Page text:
nep-env New Economics Papers
on Environmental Economics
Issue of 2007‒05‒04
three papers chosen by
Francisco S.Ramos
Federal University of Pernambuco

  1. Carbon Tax or Carbon Permits: The Impact on Generators' Risks By Richard Green
  2. Testing Market Efficiency and Price Discovery in European Carbon Markets By George Milunovich; Roselyne Joyeux
  3. Technologies énergétiques : la nouvelle donne économique By Patrick Criqui; Philippe Menanteau

  1. By: Richard Green
    Abstract: Volatile fuel prices affect both the cost and price of electricity in a liberalised market. Generators with the price-setting technology will face less risk to their profit margins than those with a technology that is not price-setting, even if its costs are not volatile. Emissions permit prices may respond to relative fuel prices, further increasing volatility. This paper simulates the impact of this on generators' profits, comparing an emissions trading scheme and a carbon tax against predictions for the UK in 2020. The carbon tax reduces the volatility faced by nuclear generators, but raises that faced by fossil fuel stations. Optimal portfolios would contain a higher proportion of nuclear plant if a carbon tax was adopted
    Keywords: Electricity, emissions trading, emissions taxes, fuel price risk
    JEL: L94
    Date: 2007–03
  2. By: George Milunovich (Department of Economics, Macquarie University); Roselyne Joyeux (Department of Economics, Macquarie University)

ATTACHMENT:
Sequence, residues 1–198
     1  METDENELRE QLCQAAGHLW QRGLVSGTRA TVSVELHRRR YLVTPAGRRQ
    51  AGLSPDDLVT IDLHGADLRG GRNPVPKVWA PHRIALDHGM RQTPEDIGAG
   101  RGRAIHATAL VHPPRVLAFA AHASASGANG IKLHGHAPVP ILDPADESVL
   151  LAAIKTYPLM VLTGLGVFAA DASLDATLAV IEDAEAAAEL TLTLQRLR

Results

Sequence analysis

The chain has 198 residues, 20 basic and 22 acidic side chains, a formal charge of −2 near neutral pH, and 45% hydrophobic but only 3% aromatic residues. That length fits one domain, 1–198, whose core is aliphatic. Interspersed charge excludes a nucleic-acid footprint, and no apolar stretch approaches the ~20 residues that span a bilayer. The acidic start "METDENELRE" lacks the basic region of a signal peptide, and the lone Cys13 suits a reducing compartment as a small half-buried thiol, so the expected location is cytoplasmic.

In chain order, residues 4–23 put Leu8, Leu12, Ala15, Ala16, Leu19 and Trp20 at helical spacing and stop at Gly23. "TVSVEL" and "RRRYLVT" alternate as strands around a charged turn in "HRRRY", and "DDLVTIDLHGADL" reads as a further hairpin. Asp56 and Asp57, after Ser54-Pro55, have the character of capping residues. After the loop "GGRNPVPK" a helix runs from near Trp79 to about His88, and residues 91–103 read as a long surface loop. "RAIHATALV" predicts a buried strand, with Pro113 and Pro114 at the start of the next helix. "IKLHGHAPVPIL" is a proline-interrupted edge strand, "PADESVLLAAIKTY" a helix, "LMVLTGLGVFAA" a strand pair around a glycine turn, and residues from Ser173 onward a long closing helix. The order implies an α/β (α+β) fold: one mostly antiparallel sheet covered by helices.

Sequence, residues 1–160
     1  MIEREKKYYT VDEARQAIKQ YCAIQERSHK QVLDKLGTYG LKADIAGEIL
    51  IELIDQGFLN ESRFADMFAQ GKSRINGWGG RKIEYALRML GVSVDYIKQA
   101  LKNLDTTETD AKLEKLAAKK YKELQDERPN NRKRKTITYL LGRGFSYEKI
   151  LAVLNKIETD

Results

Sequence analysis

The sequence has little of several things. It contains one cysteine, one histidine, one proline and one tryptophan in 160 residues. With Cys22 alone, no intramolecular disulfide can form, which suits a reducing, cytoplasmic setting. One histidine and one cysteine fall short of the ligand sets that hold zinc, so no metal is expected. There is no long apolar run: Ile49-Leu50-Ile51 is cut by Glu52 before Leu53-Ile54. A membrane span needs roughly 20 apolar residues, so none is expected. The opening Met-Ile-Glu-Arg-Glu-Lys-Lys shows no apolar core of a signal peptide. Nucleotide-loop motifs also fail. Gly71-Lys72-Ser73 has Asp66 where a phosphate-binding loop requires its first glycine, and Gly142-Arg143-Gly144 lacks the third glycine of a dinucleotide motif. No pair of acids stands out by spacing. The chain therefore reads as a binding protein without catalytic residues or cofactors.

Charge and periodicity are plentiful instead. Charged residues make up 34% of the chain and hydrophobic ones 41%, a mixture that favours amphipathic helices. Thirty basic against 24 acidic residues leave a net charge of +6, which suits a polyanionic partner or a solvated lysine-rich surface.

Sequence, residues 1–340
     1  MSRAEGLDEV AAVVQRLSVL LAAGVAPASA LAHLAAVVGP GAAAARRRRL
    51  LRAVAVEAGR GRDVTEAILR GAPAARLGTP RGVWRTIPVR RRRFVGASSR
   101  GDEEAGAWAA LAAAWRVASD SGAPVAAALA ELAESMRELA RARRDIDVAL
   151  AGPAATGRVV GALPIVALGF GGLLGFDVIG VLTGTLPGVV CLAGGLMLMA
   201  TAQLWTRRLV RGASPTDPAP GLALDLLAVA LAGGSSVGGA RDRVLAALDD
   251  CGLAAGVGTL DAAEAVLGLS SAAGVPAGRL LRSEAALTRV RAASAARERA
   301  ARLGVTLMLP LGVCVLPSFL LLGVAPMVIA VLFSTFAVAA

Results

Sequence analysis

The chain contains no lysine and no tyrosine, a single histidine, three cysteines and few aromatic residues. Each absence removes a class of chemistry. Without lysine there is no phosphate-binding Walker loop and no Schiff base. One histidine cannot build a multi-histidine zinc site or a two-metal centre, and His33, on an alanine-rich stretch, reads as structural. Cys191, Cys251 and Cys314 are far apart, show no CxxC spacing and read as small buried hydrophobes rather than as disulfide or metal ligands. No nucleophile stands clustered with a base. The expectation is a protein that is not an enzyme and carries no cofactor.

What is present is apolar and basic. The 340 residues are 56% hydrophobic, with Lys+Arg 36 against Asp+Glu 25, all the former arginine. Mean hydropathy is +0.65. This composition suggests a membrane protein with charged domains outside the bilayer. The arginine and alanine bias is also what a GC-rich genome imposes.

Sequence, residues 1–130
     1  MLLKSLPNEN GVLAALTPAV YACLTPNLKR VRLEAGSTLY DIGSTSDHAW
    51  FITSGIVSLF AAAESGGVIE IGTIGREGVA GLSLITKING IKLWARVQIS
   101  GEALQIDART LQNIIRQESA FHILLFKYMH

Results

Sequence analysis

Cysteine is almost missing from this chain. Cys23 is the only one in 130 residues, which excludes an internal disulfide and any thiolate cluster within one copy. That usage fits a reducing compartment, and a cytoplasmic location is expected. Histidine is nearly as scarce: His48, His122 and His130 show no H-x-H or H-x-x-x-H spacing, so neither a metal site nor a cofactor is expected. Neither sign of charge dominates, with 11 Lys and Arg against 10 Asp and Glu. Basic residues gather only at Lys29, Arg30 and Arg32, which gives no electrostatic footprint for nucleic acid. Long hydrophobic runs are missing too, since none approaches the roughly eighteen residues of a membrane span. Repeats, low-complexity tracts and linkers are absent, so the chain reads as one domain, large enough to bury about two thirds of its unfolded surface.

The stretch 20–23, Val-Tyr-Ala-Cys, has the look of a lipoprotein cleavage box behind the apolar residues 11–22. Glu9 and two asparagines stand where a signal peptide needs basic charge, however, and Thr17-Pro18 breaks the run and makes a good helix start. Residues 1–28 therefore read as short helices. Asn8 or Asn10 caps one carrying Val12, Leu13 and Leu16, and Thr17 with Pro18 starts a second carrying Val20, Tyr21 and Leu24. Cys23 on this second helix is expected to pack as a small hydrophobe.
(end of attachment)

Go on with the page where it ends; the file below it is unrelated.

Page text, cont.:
Abstract: We examine the issues of market efficiency and price discovery in the European Union carbon futures market. Our findings suggest that none of the carbon futures contracts examined here are priced according to the cost-of-carry model, although two of the three futures contracts studied here form a stable long-run relationship with the spot price, and hence act as adequate risk mitigation instruments. We apply a new testing procedure and find weak evidence of convenience yield in the market for carbon allowances. In terms of price discovery, it appears that the spot and futures markets share information efficiently and contribute to price discovery jointly. Similar to the information diffusion pattern found in returns, we report some evidence of bi-directional volatility transfers between the spot and various futures contracts.
    Keywords: Carbon-dioxide allowances, futures, cost-of-carry, price discovery, market efficiency, cointegration, granger causality, volatility spillover, global warming.
    JEL: C32 G13 G14 C32 Q25 Q40
    Date: 2007–03
  3. By: Patrick Criqui (LEPII - Laboratoire d'économie de la prospective et de l'intégration internationale - [CNRS : UMR5252] - [Université Pierre Mendès-France - Grenoble II]); Philippe Menanteau (LEPII - Laboratoire d'économie de la prospective et de l'intégration internationale - [CNRS : UMR5252] - [Université Pierre Mendès-France - Grenoble II])
    Abstract: Le pétrole et le gaz naturel se font de plus en plus rares. Les énergies émettrices de CO2 sont de plus en plus surveillées. Les énergies renouvelables sont de plus en plus attendues. Face à cette nouvelle donne, le secteur de l'énergie évolue rapidement. Déjà, certains grands groupes réorientent ou diversifient leur activité. Quels choix faut-il faire pour les technologies énergétiques de demain ?
    Date: 2007–04–25

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